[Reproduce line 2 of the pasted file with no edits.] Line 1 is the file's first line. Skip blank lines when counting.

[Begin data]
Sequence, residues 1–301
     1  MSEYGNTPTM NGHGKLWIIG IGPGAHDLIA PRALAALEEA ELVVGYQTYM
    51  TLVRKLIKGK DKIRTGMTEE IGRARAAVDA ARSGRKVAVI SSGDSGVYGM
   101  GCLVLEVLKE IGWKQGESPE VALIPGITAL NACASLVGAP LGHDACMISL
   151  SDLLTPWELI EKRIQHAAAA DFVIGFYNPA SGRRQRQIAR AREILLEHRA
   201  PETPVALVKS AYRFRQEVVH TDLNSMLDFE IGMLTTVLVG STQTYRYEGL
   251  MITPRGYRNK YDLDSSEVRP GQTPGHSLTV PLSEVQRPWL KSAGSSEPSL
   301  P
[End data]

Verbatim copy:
     1  MSEYGNTPTM NGHGKLWIIG IGPGAHDLIA PRALAALEEA ELVVGYQTYM